Taylor, as car owner, states “Our goal, as with Kevin [Lepage], is to put together a sponsor and Brandon for a long-term situation and get the cars running up front where the sponsors will stay. A good-long-term commitment from a sponsor… that’s what we’re here for. We’ve got to survive, and the sponsor’s got to stick with us and then we’ve got to stick with our sponsors and with our driver and our crewmen. Once we get running like I’d like to, and that’s running up front with a shot at winning every week I think all of that will snowball and keep us going.”

“We’re working with sponsors right now, and I think when the economy turns around, we’ll get the right people in front of us. I have faith.”

Even with this at the forefront of the team’s mind, don’t doubt for one second that Taylor isn’t aware of what is going on in the Nationwide garage at large around him. He’s aware of the talk, the tension, the uncertainty that surrounds NASCAR’s second-tier series today.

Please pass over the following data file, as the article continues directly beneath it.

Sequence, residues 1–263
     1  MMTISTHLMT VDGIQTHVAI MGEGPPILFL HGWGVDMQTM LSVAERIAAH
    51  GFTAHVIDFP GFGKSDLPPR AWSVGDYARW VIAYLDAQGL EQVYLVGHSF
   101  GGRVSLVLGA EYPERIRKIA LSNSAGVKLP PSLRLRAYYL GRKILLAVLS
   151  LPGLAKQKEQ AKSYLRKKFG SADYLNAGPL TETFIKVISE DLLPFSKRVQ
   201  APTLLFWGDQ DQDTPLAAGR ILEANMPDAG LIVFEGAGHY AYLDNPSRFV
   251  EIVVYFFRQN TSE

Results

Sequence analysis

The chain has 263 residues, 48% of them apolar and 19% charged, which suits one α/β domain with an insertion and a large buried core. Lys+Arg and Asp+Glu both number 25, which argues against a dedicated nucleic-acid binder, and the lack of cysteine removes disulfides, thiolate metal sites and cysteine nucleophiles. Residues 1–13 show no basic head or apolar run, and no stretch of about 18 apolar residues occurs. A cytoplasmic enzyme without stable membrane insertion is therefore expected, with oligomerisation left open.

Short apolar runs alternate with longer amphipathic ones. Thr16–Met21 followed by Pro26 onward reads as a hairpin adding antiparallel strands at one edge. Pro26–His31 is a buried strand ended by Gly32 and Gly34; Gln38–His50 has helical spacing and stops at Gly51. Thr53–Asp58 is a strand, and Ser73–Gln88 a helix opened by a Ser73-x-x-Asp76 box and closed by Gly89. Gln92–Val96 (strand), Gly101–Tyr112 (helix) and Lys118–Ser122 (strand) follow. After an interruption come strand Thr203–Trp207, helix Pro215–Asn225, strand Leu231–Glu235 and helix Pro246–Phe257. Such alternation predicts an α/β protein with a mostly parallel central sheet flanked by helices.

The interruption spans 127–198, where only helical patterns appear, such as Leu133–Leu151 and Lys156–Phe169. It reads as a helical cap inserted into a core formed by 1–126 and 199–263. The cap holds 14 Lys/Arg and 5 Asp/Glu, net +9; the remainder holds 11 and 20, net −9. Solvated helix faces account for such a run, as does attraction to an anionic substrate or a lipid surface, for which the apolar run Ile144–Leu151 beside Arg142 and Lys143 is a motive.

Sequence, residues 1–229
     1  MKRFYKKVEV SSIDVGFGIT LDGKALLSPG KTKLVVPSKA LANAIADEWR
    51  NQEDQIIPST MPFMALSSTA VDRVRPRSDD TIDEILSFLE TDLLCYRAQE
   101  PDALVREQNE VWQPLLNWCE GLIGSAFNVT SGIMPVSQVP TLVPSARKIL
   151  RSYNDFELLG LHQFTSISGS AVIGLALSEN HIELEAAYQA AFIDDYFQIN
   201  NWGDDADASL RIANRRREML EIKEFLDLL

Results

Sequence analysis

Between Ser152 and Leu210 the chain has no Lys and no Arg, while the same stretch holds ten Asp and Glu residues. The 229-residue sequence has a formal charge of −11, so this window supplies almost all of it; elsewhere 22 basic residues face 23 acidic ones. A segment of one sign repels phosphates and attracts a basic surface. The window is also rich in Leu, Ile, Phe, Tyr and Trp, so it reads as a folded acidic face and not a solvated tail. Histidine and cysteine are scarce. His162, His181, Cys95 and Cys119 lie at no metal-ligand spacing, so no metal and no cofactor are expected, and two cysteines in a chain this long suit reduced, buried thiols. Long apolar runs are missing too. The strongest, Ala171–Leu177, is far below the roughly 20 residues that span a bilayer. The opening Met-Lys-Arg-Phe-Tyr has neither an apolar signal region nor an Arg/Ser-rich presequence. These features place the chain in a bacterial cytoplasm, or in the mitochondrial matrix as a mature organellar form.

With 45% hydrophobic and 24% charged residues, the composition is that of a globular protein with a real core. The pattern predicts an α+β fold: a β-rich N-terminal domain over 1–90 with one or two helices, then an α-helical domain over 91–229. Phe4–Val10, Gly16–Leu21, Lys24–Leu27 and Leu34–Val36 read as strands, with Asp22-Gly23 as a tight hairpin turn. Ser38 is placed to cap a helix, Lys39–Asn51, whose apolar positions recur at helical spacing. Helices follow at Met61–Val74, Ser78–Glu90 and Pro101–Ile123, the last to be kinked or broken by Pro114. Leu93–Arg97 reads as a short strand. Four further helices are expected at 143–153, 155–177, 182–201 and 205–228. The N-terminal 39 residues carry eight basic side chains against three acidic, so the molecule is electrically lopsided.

Yet Taylor doesn’t see the Cup driver influx in the series as an issue. In fact, he encourages the companion races, stating “If we don’t race with the Cup drivers in the field in 75-80% of our races, its going to cut our income down significantly. And I really believe that the controversy over racing with the Cup guys and all that is misspoken, because if we didn’t have them there we wouldn’t be getting the crowds and the purses that we’re getting.”

Nor does he see the purses as the problem. “Thanks to NASCAR, we’ve got the ability, now, to make it week to week, just on a shoestring, and the purses are good enough now where you can [do that],” he claims. “You’ve just got to watch every penny.”